"Catfish: The TV Show"

Credit: MTV.com

"Catfish: The TV Show"


by Jordan Armstrong / KVUE.com

Bio | Email | Follow: @majordyrules


Posted on December 7, 2012 at 4:09 PM

Updated Friday, Jan 18 at 11:45 AM

Have you seen "Catfish: The TV Show"?

First let me ask you, have you seen “Catfish” the documentary? It was on Netflix, and on a rainy Sunday afternoon it changed my life.

The documentary made by Henry Joost and Ariel Schulman follows Schulman’s brother Nev as he becomes online friends with an entire family he has never met. He ends up falling in love with one member of the family, though he has talked to her only through Facebook and on the phone, etc.

Of course things start to become fishy, and a few facts about her and the others don't add up.

SPOILER ALERT: She isn’t real. The family isn't real. They were all made up by a sad, lonely woman.

Nev had his heart broken but learned a valuable lesson. He's since turned to MTV and created a show where he travels the country to help poor souls meet their online loves in person.

I'm no expert, but I'm pretty sure calling MTV for help meeting my online boyfriend is red flag number one.

My friends and I are OBSESSED with this show. I’m always waiting for Chris Hansen to come out, ask someone if they want some iced tea and then tell them they're under arrest.

In the episodes which have aired since the show premiered, the person of interest hasn't been completely telling the truth. In each case the “victim” is led to believe they are in love with this person they never met. But Nev always comes to the rescue.

He and his crew usually find something strange or odd about the person within the first five minutes of being there. All it takes is a Google search and a few questions. Are people really that naïve?

Maybe it’s because I’m a journalist, but everything “detective” Nev does is what I do when I meet a cute boy on any given day.

If someone says they work at the "Chelsea Handler Show", Nev calls to confirm. If someone has privacy settings which exclude “real” photos of them, he checks on them from another Facebook account. If someone says they have two kids, he calls and asks them if they have two kids. It's common sense. It's that easy.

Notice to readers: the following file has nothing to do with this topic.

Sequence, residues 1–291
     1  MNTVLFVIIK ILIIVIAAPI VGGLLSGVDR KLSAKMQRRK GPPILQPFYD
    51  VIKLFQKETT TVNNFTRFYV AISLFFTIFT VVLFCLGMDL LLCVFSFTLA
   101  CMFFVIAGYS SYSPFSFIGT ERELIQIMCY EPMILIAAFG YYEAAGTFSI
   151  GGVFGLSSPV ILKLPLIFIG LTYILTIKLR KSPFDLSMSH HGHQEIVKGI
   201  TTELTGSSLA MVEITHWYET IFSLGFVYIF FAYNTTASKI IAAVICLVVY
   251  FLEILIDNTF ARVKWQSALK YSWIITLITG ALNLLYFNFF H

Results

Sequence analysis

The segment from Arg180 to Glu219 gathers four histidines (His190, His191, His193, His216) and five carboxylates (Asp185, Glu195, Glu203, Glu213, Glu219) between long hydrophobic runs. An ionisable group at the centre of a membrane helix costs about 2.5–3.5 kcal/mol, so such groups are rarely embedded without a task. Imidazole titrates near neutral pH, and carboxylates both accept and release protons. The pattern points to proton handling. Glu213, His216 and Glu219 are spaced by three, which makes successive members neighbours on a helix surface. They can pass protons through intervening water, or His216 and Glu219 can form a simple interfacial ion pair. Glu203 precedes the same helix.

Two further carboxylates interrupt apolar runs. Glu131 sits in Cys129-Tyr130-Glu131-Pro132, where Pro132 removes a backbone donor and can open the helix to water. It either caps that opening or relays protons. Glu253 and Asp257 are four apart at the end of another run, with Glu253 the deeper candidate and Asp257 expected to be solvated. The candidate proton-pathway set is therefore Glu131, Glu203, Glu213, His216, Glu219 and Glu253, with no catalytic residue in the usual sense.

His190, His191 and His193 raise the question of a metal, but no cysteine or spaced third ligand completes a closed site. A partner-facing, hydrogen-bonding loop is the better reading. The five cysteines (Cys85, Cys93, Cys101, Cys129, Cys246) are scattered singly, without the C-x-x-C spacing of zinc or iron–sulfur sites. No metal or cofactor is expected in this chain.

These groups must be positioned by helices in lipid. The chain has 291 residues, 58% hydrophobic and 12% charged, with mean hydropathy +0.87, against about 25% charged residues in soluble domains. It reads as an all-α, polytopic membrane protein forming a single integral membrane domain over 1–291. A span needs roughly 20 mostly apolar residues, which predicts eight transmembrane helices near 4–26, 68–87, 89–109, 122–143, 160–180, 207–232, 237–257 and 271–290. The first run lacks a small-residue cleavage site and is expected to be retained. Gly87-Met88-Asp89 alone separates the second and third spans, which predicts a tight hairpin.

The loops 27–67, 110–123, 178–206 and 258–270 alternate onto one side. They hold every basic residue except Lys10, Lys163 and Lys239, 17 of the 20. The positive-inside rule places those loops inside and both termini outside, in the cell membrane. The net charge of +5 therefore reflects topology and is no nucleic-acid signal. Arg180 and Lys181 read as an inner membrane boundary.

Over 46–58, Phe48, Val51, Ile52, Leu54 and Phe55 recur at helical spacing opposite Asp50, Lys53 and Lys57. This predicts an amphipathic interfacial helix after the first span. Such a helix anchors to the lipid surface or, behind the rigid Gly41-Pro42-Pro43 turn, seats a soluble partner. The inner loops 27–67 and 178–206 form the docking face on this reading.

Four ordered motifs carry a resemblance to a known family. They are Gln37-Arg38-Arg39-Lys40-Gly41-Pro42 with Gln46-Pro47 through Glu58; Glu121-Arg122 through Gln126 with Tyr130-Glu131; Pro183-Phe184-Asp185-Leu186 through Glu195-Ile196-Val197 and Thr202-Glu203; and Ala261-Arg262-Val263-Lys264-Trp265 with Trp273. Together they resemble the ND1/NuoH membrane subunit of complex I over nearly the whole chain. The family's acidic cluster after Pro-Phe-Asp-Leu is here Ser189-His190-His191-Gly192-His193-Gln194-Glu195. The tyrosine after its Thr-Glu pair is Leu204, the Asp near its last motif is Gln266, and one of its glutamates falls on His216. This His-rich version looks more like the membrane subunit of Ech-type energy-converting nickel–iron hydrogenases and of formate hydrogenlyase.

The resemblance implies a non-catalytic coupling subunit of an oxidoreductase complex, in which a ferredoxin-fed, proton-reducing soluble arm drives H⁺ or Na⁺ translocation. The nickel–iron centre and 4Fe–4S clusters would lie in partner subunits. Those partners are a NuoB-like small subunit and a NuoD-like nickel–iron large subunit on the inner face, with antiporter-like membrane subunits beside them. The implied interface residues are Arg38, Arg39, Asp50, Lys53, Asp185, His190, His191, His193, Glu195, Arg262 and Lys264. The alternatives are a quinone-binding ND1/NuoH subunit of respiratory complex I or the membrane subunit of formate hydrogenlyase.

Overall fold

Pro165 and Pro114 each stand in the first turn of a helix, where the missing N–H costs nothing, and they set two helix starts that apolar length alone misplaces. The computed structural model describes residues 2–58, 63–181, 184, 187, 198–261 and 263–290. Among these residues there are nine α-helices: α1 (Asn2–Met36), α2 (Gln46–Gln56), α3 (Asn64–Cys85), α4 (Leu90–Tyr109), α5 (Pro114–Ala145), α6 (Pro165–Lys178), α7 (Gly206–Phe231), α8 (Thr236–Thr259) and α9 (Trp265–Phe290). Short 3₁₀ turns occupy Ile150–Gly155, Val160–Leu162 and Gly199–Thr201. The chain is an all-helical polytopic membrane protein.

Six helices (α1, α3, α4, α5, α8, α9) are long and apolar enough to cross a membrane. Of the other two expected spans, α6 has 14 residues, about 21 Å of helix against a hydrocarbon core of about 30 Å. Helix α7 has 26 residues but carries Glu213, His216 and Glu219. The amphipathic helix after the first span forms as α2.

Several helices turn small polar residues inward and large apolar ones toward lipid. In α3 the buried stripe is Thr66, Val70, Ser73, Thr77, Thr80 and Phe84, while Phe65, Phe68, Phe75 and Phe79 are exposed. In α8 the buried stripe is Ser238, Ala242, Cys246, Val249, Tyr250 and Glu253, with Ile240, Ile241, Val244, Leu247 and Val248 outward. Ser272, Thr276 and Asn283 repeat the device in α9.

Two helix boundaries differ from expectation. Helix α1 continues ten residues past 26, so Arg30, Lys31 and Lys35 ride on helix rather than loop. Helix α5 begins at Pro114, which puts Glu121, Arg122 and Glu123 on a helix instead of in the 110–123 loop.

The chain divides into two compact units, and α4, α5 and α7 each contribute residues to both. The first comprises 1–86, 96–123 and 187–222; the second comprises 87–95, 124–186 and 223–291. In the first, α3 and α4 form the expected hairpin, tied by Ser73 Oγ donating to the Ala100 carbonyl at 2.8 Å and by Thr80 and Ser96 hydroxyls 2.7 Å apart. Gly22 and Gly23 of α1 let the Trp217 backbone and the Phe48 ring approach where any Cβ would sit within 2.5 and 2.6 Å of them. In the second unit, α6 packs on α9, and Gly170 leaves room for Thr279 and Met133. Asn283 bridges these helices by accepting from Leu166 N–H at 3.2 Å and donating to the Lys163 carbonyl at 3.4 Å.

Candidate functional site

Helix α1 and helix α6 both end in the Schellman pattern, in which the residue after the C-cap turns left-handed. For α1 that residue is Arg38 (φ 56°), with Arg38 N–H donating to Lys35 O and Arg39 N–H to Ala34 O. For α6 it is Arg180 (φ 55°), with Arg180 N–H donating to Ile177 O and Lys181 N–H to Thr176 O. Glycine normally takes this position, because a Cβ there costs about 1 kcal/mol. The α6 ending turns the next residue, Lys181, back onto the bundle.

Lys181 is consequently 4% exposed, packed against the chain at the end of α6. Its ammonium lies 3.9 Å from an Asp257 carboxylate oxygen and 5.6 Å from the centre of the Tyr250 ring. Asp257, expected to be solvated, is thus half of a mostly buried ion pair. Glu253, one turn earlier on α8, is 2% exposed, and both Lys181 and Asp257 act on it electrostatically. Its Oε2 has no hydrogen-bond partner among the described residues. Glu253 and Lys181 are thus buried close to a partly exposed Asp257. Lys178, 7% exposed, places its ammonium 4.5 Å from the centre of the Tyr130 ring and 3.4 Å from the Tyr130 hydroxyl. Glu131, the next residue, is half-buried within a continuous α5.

But some of the people on this show believe every word these people are telling them. They've even been in an online relationship with them for sometimes up to 10 years - without meeting them in person.

My generation or younger should know better. Since AOL chat rooms existed, we've been told to watch who we're talking to and NEVER meet an online friend in person. We hear stories about dangerous creeps all the time.

One would think in this day and age, people would "Google" someone before proposing.

For example, a girl in one episode was told by her online "model" boyfriend that his three sisters died tragically in a car accident. A simple search conducted by Nev immediately proved his sisters were alive and well.

It makes me think - with online dating sites and social media becoming more predominant, are we really more apt to fall in love with a computer screen than an actual person?

So far this show hasn’t ceased to amaze me (but it does air on MTV, so only time will tell). Nev is charming (and super good looking!) and seems to be a genuinely nice person. He's always searching for the truth and wants to help others find love - even if it's unconventional.

Am I the only one hoping the person on the other end will be Old Man Withers from "Wayne's World" when the person expects Rob Lowe?

That may sound harsh, but if someone is willing to fall in love with pixels without doing their homework, they run the risk of being shocked on national television.

So why is it called "Catfish" you ask? Here's an explanation from MTV.com:

Cat·fish [kat-fish] verb:  To pretend to be someone you're not online by posting false information, such as someone else's pictures, on social media sites, usually with the intention of getting someone to fall in love with you.

You can catch "Catfish: The TV Show" on MTV Monday nights (and other times during the week, 'cause you know MTV repeats the heck out of its shows). Full episodes are also on MTV.com.

For a full understanding, the documentary is also a must-see.


Jordan Armstrong is a digital content producer at KVUE. She holds a degree in Radio, Television and Film from the University of North Texas. Her addiction to television and movies started when she was five years old and wouldn’t stop watching "The Cosby Show." She's a "Power Rangers" fan club card holder and owns every season of "The Mary Tyler Moore Show" on DVD. Jordan’s opinions are not a reflection of the views of KVUE.com, KVUE TV, or its parent company Belo Corp. We actually don’t know why we’re letting her have a column.

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